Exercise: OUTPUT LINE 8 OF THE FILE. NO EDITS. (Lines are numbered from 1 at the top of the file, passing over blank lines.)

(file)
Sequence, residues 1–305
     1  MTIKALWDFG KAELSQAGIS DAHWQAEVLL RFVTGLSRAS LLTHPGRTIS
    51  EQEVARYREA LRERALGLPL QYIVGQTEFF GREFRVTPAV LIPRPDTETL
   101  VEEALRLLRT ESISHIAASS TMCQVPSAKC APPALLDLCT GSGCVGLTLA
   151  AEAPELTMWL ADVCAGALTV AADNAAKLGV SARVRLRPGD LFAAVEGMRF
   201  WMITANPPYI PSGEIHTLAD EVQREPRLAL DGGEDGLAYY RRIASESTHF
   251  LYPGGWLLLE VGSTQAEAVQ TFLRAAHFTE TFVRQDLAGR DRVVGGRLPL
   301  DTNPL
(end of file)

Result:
   301  DTNPL